CMI gets questions and comments on all sorts of issues. This week we showcase some of that variety, with questions on topics from atheism to astronomy.

James G. from the United States writes:

A worldwide flood would have destroyed plant life (trees, shrubs, grasses, etc) since they cannot survive underwater for long. How was plant life re-established after the flood? Plant-eating animals released from the Ark would have found nothing to eat. I understand how animal life was saved on the Ark, but what about plant life? Please have a botanist on your staff respond, if possible. I am a retired Forester/Range Conservationist and have been confronted with this question many times.

CMI’s Lita Cosner responds:

Dear James,

Thank you for your email. I recommend the article How did fish and plants survive the Genesis Flood? One of the co-authors is a plant scientist (Dr Don Batten), as per your email.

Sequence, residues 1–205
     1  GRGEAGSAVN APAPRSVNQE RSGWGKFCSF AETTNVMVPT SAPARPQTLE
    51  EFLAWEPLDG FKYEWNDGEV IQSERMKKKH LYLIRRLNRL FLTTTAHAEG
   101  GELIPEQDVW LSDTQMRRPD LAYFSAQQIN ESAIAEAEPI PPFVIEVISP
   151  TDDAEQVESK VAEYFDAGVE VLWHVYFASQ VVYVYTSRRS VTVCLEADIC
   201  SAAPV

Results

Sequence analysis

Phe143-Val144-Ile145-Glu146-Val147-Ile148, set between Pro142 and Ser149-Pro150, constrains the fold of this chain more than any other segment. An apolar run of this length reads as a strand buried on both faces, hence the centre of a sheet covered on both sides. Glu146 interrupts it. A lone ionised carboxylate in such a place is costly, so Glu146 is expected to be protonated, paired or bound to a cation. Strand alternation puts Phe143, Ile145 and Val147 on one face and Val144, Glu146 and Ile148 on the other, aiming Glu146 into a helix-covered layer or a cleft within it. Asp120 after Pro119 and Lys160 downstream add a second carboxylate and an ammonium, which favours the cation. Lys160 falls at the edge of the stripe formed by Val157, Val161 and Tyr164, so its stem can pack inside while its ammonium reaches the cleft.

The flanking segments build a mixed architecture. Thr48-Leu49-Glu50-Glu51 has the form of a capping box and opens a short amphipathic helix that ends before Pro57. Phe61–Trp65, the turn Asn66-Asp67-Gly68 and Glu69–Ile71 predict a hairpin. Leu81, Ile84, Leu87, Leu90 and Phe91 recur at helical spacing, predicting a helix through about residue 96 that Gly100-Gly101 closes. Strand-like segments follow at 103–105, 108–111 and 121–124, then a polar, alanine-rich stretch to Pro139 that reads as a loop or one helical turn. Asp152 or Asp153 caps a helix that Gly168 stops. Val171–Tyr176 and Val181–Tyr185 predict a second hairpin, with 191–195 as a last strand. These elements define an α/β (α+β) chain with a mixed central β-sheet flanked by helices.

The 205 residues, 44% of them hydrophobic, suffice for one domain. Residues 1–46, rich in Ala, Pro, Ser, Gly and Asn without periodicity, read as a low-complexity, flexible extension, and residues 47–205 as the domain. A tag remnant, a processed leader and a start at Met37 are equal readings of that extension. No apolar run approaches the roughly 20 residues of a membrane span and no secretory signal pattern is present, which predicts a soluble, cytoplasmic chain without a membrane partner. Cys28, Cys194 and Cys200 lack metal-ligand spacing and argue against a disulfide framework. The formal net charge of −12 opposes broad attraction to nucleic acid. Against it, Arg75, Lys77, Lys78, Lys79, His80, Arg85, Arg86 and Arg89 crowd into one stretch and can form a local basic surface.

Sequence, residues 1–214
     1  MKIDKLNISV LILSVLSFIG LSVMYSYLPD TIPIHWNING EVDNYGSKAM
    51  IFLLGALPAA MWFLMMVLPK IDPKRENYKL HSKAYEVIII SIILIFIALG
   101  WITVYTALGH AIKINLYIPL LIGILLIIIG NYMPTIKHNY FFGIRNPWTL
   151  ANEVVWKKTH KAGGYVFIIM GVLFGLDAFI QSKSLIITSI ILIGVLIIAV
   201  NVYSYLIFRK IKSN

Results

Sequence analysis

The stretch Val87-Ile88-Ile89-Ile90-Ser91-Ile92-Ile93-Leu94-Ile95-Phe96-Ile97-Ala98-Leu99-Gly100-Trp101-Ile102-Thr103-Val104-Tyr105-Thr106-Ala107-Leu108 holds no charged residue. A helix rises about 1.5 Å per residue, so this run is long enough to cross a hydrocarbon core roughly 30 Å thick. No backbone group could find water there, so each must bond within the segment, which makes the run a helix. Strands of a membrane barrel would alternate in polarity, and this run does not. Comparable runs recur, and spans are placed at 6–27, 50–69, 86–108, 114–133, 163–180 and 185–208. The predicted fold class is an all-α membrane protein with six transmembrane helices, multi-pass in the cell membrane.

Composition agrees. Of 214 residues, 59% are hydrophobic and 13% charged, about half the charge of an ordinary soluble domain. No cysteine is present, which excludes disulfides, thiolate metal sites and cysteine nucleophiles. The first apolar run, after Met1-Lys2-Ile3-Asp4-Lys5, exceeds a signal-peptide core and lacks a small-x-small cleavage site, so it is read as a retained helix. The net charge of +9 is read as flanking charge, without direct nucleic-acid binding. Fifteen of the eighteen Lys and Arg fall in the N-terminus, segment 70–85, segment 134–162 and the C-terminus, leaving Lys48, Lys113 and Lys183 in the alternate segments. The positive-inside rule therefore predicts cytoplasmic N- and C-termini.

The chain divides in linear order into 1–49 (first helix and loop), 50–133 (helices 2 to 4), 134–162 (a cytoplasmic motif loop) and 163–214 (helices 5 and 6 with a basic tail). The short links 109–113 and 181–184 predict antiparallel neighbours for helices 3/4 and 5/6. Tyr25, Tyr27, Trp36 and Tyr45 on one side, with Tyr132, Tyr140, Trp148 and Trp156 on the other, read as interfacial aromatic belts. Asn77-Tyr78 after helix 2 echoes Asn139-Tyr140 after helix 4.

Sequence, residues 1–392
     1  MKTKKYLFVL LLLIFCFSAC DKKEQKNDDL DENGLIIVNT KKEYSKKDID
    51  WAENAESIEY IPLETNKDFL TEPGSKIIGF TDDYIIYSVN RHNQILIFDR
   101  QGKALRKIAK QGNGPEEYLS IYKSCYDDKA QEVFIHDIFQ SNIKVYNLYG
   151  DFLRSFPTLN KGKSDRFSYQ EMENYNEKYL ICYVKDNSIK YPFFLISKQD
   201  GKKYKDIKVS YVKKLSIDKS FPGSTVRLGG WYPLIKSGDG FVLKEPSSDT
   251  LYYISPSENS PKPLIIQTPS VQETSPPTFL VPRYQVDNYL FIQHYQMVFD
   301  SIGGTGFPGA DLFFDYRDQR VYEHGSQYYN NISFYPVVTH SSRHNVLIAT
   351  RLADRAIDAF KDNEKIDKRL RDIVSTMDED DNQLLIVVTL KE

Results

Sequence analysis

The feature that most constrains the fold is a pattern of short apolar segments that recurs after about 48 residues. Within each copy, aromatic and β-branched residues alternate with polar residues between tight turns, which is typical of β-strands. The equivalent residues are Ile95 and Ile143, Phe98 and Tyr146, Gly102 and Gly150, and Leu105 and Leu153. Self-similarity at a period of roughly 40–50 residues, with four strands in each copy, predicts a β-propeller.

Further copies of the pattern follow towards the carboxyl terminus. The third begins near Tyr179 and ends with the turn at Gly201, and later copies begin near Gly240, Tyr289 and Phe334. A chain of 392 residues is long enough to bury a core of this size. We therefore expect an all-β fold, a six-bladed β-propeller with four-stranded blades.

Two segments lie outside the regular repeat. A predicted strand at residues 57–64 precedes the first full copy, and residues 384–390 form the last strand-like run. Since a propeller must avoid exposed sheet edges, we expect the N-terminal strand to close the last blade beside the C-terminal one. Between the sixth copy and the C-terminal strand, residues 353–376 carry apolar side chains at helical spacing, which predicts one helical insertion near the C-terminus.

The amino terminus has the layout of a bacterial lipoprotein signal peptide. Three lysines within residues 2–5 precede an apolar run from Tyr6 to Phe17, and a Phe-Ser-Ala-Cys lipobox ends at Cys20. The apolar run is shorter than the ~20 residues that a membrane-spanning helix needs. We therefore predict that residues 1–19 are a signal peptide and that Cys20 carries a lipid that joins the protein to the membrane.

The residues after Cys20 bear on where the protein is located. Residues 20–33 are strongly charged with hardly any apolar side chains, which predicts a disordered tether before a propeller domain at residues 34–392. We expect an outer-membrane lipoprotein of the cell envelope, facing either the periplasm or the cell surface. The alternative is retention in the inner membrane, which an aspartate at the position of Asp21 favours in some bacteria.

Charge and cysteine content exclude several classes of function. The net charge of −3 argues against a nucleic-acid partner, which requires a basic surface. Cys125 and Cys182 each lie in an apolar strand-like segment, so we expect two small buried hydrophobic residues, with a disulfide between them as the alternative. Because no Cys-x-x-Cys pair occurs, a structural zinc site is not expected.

It is very probable that various kinds of grains and seeds were brought on the Ark for food; a substantial portion of the Ark was probably used for storing various foods, and grains in particular have a long shelf life if stored away from moisture. The animals did not leave the Ark until there had been time for a lot of plant life to re-establish, so herbivores would have survived on these food sources till then. Dried fruits, etc, would have also been possible, and while we are not told specifically, it would not be surprising if the seeds of various cultivated crops had been taken aboard as well with the intention of planting them after the Flood (of course, we do not know how far along cultivation would have progressed by that time, but we shouldn’t underestimate the intelligence and abilities of ancient people). Especially in the relative absence of competition for soil nutrients, sunlight, etc., these plants could have grown and multiplied very quickly…..

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